Edge browser tips for virtual meetings; Issue #489 May 4, 2021

You can use the Edge browser in Windows to make your next virtual presentation on Zoom, Teams, Webex, or Google Meet more effective. With more and more content being available on the web and the capabilities of browsers improving, using a browser to share content in virtual and hybrid meetings will be an important skill to master. I switched to Edge a couple of years ago because I find it to be less resource intensive than Chrome.

I recently posted a video with seven tips for using the Edge browser in virtual and hybrid meetings and today I want to share two of those tips (the full video is below).

Use a countdown timer from Google in the browser

A countdown timer is great for letting people take a break in a longer meeting, giving people time for individual brainstorming before a group discussion, or giving people time to complete a poll. One of the easiest ways to use a countdown timer is to use one that Google provides.

In the Google search bar, type “Set a timer for 2 minutes” (without the quotes). At the top of the search results Google will display a countdown timer and start counting down from two minutes. You can pause the timer and turn the ending sound off (click on the speaker icon below the timer).

You can resize the browser window so it is small and only shows the timer, not the rest of the search results.

You can click in the timer area and type in any time you want the countdown timer to start at and then click the Start button. This gives you a quick and easy countdown timer that you can use in a virtual or hybrid meeting.

View and annotate PDF files in Edge

The Edge browser has a powerful PDF file viewer that includes annotation tools. The easiest way to open a PDF file from your computer in Edge is to drag the file from a File Explorer window to the Edge browser window. The PDF file opens in a new tab.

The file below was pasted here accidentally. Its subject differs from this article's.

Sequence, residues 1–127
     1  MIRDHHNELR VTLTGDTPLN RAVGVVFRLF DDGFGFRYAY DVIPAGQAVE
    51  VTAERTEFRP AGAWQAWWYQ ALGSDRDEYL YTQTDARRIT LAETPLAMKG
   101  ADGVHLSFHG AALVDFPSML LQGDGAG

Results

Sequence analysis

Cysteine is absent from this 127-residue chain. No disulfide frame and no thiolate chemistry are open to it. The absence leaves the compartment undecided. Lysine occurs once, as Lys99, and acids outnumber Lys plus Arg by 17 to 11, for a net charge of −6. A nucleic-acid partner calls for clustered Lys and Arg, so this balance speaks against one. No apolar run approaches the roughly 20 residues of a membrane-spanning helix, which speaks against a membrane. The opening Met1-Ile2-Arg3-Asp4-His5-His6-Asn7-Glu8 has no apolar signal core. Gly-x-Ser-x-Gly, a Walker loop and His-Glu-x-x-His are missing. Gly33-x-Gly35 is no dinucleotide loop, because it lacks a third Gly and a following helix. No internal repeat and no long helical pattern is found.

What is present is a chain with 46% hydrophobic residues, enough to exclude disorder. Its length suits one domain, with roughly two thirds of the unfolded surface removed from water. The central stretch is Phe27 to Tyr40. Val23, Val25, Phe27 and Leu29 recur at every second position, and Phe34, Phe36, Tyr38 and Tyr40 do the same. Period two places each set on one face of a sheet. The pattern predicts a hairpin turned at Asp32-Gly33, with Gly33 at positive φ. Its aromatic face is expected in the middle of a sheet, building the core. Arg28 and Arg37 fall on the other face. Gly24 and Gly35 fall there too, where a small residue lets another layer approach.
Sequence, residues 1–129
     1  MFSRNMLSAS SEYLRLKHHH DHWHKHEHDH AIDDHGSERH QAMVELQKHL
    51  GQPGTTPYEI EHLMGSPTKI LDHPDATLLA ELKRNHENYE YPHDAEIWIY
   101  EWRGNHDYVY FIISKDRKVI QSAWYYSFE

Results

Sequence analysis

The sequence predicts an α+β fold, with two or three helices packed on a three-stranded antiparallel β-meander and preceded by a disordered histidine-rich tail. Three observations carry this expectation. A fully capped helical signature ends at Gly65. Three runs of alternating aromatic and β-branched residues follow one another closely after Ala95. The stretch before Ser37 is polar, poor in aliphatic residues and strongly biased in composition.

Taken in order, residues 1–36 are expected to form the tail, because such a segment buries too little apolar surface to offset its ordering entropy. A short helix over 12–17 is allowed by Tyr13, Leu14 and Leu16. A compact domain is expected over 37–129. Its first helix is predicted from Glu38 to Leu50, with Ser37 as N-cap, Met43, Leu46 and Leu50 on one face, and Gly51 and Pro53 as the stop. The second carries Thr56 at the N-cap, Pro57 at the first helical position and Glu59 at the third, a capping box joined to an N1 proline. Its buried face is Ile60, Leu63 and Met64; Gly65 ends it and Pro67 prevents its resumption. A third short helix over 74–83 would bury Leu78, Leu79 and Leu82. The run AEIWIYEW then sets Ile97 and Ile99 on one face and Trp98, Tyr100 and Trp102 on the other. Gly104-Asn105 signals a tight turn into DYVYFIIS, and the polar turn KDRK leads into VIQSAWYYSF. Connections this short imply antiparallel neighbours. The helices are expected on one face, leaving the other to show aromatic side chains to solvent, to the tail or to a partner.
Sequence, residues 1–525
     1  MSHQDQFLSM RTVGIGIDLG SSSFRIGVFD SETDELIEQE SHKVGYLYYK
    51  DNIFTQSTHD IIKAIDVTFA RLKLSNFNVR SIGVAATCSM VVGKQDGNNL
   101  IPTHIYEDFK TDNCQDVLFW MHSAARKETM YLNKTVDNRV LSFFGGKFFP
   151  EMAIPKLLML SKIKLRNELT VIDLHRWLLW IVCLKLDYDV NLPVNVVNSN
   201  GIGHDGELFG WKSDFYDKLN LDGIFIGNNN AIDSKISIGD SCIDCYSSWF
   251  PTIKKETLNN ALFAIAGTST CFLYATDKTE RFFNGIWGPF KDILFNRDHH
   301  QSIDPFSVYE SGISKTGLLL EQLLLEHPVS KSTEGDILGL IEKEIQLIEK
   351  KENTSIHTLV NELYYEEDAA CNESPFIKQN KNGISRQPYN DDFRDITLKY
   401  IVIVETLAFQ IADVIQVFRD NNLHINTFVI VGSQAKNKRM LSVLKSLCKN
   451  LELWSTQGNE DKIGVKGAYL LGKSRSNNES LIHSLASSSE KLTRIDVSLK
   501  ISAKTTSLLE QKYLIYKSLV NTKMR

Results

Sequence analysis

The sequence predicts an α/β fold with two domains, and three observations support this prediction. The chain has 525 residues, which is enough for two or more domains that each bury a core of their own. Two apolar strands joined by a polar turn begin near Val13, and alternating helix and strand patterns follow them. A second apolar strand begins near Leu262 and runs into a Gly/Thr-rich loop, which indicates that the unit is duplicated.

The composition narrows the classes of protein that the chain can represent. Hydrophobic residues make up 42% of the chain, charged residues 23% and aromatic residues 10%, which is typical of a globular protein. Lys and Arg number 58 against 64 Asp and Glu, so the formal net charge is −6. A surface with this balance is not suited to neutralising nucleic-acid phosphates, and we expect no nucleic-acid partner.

At the top you will find a number of the tools that are available to you when viewing PDF files.

On the left is the search magnifying glass (#1 in the screen image above). This allows you to easily search the PDF for text so you can quickly find the spot in the document that you want to discuss or someone is asking about.

To the right of the search icon are the zoom buttons (#2). There are the plus and minus buttons for zooming in or out of the document. There is also a Fit to Width button (#3) which fits the PDF to the width of the browser, which is a quick way to see the document larger without having to click the zoom in or out buttons multiple times.

To the right of the center of the window are the annotation tools. You have the draw tool (#4) which allows you to set the color and thickness of the pen. You also have the highlight tool (#5) that allows you to set the highlighter color. These allow you to discuss a document in a much more interactive way than just moving the cursor and hoping people follow. There is also an eraser tool (#6) to erase what you have added.

Discover other ways to use the Edge browser in virtual or hybrid meetings

These two tips come from a video I recently posted with seven tips for using the Edge browser in a virtual or hybrid meeting. In the video below I also show you how to capture a web page image even if you have to scroll down the page, how to tear a browser tab off into its own window, how to display an image in the browser so it is a clean display, and more. Watch the video below to see all the tips.

By Dave Paradi

Dave Paradi has over twenty-two years of experience delivering customized training workshops to help business professionals improve their presentations. He has written ten books and over 600 articles on the topic of effective presentations and his ideas have appeared in publications around the world. His focus is on helping corporate professionals visually communicate the messages in their data so they don't overwhelm and confuse executives. Dave is one of fewer than ten people in North America recognized by Microsoft with the Most Valuable Professional Award for his contributions to the Excel, PowerPoint, and Teams communities. His articles and videos on virtual presenting have been viewed over 4.8 million times and liked over 17,000 times on YouTube.